The papers of Hale Woodruff measure 0.6 linear feet and date from 1920 to 1977 with the bulk of the collection dating from the 1960s to the 1970s. The papers contain biographical material, professional files, writings, printed material, photographs, and photocopies of a scrapbook, and of artwork.
Scope and Contents:
The papers of Hale Woodruff measure 0.6 linear feet and date from 1920 to 1977, with the bulk of the collection dating from the 1960s to the 1970s. The papers contain biographical material, professional files, writings, printed material, photocopies of a scrapbook, photographs, and photocopies of artwork.
Biographical material includes a resume, awards and honorary degrees, and an interview transcript.
Professional files consist of correspondence, committee files, and materials related to exhibitions and projects.
Writings include an illustrated notebook; drafts and copies of lectures, statements, articles, book reviews, and exhibition text; and notes on note cards, as well as photocopies of notes Woodruff took in Mexico while studying with Diego Rivera.
Printed Material includes exhibition announcements, exhibition catalogs, publications in which Woodruff is featured, clippings, and other assorted printed material.
The scrapbook consists of photocopies of scrapbook pages. The originals do not appear in the collection, but mostly contained clippings and printed material, with some correspondence.
Photographs include black and white photographs with an accompanying piece of correspondence, and photocopies of photographs of artwork.
Artwork includes photocopies of sketches and drawings.
This collection is arranged as seven series.
Series 1: Biographical Material, 1966-1977 (Box 1; 4 folders)
Series 2: Professional Files, 1944-1973 (Box 1; 4 folders)
Series 3; Writings, 1920-1977, undated (Box 1; 0.3 linear feet)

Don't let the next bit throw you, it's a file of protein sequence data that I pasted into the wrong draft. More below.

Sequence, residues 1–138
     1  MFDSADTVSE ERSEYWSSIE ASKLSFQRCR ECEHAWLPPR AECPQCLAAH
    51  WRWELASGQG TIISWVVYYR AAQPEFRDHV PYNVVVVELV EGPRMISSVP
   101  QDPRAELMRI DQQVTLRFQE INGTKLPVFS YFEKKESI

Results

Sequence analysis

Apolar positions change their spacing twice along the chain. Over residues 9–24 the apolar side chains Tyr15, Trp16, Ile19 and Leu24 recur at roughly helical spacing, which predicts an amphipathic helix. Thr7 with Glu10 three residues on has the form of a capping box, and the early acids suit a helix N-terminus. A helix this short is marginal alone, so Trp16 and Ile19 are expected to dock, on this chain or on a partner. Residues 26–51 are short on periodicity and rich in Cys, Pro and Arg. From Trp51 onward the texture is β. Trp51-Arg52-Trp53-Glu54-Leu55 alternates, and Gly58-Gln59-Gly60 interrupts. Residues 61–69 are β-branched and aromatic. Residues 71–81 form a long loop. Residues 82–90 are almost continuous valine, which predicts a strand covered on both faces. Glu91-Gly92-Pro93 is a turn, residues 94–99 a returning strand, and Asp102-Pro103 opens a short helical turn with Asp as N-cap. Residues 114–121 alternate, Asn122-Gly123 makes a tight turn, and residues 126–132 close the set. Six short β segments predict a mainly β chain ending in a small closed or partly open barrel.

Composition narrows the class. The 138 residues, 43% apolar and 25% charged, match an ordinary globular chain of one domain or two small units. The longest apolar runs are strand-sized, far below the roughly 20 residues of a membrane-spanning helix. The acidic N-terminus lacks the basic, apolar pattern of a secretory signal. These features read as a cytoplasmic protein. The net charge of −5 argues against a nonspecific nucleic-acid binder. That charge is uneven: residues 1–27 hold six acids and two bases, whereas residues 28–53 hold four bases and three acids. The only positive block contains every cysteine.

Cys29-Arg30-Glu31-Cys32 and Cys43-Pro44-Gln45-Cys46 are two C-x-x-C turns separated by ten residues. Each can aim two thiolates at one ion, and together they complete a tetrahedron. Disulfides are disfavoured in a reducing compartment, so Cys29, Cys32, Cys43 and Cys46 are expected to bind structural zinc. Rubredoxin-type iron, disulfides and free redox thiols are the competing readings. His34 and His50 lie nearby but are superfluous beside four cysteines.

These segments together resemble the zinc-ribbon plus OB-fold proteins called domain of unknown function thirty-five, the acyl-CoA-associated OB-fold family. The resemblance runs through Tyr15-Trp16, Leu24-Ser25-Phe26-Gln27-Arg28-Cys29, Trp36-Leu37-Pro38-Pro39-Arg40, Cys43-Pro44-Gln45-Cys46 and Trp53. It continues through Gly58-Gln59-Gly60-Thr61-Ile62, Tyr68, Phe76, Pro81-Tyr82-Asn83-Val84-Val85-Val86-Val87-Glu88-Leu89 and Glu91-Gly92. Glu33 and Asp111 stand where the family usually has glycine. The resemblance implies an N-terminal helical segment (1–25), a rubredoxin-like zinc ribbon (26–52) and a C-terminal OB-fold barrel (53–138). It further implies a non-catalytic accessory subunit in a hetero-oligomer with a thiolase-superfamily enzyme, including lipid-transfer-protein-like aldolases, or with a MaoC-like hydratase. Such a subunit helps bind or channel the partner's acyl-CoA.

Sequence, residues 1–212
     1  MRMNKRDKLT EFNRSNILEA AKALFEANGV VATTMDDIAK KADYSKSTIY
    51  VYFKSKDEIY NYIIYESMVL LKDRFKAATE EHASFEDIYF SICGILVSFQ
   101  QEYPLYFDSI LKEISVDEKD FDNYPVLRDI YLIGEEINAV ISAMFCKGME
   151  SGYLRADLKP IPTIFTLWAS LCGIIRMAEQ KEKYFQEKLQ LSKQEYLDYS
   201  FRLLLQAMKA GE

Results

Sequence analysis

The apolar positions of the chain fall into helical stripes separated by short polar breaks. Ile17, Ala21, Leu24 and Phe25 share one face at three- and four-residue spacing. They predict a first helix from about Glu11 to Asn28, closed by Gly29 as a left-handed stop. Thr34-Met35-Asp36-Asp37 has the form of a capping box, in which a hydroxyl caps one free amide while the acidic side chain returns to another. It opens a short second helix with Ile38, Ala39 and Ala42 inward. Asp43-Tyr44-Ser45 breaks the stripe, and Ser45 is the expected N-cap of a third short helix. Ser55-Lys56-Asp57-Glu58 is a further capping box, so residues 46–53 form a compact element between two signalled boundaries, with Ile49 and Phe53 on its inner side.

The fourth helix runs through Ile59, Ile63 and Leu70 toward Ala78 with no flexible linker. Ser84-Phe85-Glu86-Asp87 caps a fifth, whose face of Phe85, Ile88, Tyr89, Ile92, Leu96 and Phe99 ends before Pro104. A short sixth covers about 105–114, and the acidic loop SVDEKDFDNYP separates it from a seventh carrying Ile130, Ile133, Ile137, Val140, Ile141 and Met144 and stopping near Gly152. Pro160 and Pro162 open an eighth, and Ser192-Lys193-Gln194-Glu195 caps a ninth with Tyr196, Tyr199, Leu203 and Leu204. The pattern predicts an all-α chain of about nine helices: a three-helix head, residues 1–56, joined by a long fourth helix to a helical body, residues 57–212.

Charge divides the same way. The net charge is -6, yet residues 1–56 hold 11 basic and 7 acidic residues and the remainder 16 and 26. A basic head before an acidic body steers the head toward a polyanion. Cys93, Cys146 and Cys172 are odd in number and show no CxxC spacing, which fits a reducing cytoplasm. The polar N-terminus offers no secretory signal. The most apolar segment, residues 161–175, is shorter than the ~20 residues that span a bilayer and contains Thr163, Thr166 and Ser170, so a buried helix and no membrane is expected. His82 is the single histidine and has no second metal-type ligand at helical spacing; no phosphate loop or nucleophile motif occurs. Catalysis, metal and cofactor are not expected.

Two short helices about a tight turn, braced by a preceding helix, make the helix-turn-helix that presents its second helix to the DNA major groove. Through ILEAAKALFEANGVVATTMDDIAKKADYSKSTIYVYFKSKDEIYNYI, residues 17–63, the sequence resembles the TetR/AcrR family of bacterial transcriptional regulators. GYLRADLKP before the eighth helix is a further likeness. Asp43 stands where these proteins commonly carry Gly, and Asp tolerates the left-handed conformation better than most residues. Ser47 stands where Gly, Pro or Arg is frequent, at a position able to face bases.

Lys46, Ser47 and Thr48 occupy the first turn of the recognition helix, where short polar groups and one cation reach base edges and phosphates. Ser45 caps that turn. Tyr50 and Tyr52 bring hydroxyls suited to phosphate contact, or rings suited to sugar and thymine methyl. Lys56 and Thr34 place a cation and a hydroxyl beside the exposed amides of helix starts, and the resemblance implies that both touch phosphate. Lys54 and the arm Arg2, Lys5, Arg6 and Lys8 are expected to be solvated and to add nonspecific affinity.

Series 4; Printed Material, 1920s-1970s (Box 2, 4 folders)
Series 5: Scrapbook, 1927-1928, 1940-1960 (Box 2, 1 folder)
Series 6: Photographic Material, 1926-1977 (Box 2, 2 folders)
Series 7: Artwork, 1939-1952, undated (Box 2, 1 folder)
Biographical / Historical:
Hale Aspacio Woodruff (1900-1980) was a painter, muralist, and arts educator. His most well-known works are the Amistad murals, painted between 1939 and 1940 for Talladega College's Savery Library.
Woodruff was born in Cairo, Illinois, and grew up in Nashville, Tennessee. He studied at the John Herron Art Institute in Indianapolis, and at the Art Institute of Chicago. After winning an award from the Harmon Foundation, he traveled to Paris and attended the Academie Moderne and the Academie Scandinave. He also spent a summer studying mural painting in Mexico with Diego Rivera.
In 1931, Woodruff established one of the earliest art departments at a black college at Atlanta University – teaching classes at the University's Laboratory High School, Morehouse College, and Spelman College as well. He also established the Atlanta Annuals, one of the earliest national exhibition opportunities for African American artists. In 1946 he moved to New York and taught in the art department at New York University until his retirement in 1968.
Also found in the Archives of American Art is an oral history interview with Hale Woodruff conducted by Al Murray, November 18, 1968.
The Archives of American of Art also holds material lent for microfilming (reel 4222), the majority of which was included in subsequent donations. Loaned materials not donated at a later date remain with the lender and are not described in the container listing of this finding aid.
The Hale Woodruff papers were lent for microfilming by Woodruff in 1970. Most of the material was subsequently donated in 1978, along with additional material.
Use of original papers requires an appointment and is limited to the Archives' Washington, D.C., Research Center.